Interested in watching this video? You have two options:
This video is part of the SER Conference Library. If you want to learn more about this resource please see this guide.
You can purchase a pass for this video on our website.
Already purchased access to this video, or want to redeem credit for a new order? Just enter your order number or email below:
Sign in below to get unrestricted access:
Natural recovery is a great tool for revegetating natural areas, but often requires some assistance to help the process along. Generally, the goal in revegetating natural areas is getting cover and diversity of desirable species to restore ecosystem functions and build resilience. For this to happen, propagules must be brought to the site by a short list of vectors; namely people, wildlife, seedbank, parent plants, water, and wind. The competition for space in a receptive seedbed is a race to get as many desirable species as possible while the quality of the seedbed rapidly declines. So, where lies the balance between too little effort and too much effort in assisting natural recovery? In a perfect world, restoration would be like industrial-scale gardening with the care and attention of full-time attendees, but that level of effort is rarely possible due to cost and accessibility. This presentation is a review of several reclamation/restoration projects that used assisted natural recovery; looking at what worked, what didn’t work, and what might have worked. The project examples include disturbances from 1 hectare to 30 hectares in size that were reclaimed/restored to forests, peatlands, and mineral wetlands. Applicable conference themes: natural regeneration as a restoration strategy; restoration; reclamation and rewilding of oil, natural gas, and borrow pits; rehabilitation of severely degraded sites; restoration of temperate boreal forests; or standards of practice for restoration.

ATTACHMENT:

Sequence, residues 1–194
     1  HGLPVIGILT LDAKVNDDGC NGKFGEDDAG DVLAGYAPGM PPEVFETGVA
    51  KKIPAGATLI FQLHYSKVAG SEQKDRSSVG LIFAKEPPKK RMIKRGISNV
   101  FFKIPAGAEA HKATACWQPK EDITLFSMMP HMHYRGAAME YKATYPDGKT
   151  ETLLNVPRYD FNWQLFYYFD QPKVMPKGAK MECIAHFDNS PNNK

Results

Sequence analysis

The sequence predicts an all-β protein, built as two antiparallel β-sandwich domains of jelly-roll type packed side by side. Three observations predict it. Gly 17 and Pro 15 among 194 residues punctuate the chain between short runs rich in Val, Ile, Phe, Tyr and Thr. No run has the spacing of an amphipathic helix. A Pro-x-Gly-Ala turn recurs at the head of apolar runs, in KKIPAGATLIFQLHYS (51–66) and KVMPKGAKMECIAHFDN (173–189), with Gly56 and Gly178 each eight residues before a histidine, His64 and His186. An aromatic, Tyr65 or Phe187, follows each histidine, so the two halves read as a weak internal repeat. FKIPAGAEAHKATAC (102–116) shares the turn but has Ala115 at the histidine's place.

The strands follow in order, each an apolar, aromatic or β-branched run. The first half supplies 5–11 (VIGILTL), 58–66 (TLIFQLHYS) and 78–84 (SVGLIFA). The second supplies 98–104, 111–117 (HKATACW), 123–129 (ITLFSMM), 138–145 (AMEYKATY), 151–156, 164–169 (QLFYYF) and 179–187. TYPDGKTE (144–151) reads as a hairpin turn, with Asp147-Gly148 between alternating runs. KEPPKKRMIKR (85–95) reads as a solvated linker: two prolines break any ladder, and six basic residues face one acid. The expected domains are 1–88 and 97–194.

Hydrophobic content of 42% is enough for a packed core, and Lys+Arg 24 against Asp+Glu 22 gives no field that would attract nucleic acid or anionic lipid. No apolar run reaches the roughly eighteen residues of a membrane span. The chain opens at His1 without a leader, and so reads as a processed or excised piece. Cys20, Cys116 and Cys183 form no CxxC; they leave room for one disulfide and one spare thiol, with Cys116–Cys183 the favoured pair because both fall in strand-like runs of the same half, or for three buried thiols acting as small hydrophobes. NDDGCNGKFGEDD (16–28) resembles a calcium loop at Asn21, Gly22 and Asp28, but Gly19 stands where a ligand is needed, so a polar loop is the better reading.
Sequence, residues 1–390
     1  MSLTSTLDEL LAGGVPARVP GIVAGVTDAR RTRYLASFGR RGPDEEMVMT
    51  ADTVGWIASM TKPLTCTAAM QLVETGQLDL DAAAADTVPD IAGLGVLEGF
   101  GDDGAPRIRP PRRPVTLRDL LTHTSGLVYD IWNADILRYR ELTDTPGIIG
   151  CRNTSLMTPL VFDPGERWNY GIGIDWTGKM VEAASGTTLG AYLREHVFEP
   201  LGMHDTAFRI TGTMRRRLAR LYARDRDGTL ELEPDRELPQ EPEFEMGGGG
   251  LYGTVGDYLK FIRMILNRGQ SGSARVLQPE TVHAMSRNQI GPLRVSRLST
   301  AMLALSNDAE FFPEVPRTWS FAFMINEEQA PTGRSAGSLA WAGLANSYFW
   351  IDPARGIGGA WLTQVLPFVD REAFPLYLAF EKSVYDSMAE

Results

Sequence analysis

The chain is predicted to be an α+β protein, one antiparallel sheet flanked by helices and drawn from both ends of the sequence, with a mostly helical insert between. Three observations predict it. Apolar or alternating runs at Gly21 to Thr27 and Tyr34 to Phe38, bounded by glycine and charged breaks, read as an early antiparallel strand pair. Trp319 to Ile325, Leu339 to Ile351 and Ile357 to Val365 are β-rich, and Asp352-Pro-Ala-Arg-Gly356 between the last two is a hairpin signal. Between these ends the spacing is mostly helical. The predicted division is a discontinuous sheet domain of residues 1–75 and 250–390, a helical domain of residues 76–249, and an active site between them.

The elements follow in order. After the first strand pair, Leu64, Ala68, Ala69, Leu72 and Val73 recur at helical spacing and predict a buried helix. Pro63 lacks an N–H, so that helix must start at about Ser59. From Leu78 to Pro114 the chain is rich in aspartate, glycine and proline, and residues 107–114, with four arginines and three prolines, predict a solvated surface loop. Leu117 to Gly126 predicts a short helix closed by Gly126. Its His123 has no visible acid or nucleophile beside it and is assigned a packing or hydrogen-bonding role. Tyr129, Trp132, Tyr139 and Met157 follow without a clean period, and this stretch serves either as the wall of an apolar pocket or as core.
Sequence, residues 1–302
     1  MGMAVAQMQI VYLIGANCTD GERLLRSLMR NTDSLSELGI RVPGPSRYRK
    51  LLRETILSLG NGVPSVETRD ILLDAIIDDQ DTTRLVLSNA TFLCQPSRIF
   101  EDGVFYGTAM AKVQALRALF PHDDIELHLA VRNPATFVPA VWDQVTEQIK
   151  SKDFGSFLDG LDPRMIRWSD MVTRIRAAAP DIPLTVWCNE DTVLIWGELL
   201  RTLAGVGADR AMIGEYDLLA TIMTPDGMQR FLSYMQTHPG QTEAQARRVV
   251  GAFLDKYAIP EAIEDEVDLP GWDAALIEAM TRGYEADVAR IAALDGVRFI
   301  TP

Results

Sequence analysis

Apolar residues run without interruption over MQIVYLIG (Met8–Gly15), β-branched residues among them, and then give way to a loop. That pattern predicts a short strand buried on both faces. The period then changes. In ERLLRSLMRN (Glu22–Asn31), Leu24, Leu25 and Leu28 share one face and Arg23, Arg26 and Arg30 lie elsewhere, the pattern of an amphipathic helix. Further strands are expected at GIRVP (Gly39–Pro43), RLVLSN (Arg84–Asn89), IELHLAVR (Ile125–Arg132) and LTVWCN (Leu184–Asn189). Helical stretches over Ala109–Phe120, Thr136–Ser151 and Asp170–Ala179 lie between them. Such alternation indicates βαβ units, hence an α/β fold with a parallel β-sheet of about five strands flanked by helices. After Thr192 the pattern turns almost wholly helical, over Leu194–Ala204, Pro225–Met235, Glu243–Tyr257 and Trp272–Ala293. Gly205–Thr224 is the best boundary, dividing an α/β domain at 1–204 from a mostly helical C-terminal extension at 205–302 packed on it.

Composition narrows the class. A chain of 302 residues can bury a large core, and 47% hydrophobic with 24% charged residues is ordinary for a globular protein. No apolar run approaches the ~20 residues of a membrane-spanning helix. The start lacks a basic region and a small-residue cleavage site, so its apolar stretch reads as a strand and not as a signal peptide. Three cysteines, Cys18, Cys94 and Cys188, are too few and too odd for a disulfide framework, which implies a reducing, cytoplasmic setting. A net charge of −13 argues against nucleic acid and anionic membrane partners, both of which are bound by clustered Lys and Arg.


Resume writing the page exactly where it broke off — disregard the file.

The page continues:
Conference Presentation, SER2021
Pre-approved for CECs under SER's CERP program